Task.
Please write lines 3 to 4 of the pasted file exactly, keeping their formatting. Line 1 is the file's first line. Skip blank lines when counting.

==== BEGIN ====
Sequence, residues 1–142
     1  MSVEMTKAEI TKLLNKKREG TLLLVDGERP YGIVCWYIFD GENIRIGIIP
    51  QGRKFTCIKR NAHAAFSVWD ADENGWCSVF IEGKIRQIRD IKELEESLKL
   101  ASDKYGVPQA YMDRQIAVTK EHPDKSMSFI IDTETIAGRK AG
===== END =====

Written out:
    51  QGRKFTCIKR NAHAAFSVWD ADENGWCSVF IEGKIRQIRD IKELEESLKL
   101  ASDKYGVPQA YMDRQIAVTK EHPDKSMSFI IDTETIAGRK AG